I don't disagree SSSCout, but at the same time there is a balance to be found.

and that tipping point is different for different folks.  In my case, as I suspect also for @mashmaster, the tipping point we're getting at is as defined by our wives & is much closer to the family than WE might define it....

Tangent #1: So, what you are saying, @blw2 is that if BSA were fully co-ed, they might have a better trained scouter?

 

Tangent #2: What are you doing (organization participation wise) to be a better father-of-girls? For me, scouting helped a lot. That's partly because the fellowship involved time with a lot of dads and moms with daughters. as well as GS leaders and Venturing moms. Most all of the formal training was as relevant for my daughter (and, later, daughter-in-law) as it was for the sons.

 

Edited to add: And a lot of the boys who might have thought of dating daughter knew how well I sharpened my knives and axes.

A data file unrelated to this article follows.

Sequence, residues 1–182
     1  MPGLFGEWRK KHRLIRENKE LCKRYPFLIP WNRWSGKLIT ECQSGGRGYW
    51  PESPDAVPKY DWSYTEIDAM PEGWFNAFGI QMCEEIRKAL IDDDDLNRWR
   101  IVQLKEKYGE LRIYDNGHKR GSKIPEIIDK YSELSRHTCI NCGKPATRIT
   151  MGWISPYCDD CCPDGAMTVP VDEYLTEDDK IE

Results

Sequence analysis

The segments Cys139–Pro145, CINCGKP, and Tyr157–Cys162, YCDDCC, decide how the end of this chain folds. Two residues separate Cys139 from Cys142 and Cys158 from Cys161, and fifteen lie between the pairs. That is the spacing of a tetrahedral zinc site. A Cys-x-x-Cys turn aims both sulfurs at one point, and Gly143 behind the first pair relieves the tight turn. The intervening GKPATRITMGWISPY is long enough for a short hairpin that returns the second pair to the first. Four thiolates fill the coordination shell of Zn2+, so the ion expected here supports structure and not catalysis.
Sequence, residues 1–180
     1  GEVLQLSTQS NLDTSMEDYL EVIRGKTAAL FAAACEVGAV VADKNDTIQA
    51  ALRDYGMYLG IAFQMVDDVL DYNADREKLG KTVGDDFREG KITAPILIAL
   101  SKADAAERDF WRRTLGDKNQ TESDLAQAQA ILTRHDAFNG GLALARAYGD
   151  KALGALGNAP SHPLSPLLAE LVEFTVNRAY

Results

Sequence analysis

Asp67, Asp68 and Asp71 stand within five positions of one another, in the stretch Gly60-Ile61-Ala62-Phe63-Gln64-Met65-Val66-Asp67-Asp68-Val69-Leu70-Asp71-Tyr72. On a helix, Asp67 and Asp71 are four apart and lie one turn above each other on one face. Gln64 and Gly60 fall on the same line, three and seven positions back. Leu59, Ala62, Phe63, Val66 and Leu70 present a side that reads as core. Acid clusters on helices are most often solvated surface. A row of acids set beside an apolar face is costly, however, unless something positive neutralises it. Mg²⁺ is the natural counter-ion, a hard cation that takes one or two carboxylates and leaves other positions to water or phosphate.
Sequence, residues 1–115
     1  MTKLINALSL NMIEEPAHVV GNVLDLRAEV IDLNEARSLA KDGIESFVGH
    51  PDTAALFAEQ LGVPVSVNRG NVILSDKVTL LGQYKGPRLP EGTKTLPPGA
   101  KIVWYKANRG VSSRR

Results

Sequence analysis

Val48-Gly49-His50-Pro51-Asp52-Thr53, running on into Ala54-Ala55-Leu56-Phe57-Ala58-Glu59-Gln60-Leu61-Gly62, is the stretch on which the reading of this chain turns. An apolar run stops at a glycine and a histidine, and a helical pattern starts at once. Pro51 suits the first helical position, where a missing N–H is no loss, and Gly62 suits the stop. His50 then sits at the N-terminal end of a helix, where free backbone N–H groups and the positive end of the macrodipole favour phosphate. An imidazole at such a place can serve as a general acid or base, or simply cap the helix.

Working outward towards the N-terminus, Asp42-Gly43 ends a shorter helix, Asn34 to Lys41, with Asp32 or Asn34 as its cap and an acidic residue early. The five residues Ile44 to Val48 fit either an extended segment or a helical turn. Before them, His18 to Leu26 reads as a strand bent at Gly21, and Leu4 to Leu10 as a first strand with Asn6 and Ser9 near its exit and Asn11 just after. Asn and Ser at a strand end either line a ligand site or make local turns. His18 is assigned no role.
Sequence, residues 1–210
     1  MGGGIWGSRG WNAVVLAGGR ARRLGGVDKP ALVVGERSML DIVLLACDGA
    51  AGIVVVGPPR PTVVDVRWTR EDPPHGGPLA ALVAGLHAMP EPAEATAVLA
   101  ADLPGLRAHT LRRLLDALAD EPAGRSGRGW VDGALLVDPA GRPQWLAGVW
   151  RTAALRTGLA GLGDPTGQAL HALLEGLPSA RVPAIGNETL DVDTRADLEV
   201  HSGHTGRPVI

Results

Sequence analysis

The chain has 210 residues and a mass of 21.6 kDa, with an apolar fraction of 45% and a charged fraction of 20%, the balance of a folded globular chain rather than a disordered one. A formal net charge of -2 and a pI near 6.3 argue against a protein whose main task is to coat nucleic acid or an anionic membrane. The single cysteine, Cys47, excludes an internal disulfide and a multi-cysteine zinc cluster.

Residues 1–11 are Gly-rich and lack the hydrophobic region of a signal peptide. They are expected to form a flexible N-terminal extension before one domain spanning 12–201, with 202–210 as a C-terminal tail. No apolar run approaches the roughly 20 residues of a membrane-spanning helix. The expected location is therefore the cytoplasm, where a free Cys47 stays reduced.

Tangent #1:  Better?  well that opens up a subjective tangent #3 :).... but perhaps, yes.  My DW would likely re-position that tipping point on her scale if she thought I was doing something with ALL of the kids.

 

Tangent #2:  Don't disagree..... but it's not my opinion at question here.... it's my DW's.  You know how it is, no doubt.  Several times when she has felt distanced (which isn't always), she has said things that make it clear that she forgets all the things I do with and for the girls.  In those times, her focus is on BOY scouts, and why I'm there and not HERE.  It's her emotional perspective.  She's not concerned at those times, with what "wake" I might leave in others' lives.  At these times, she's looking inward to herself, and outward only to our kids. 

 

Same I suppose for @mashmaster too.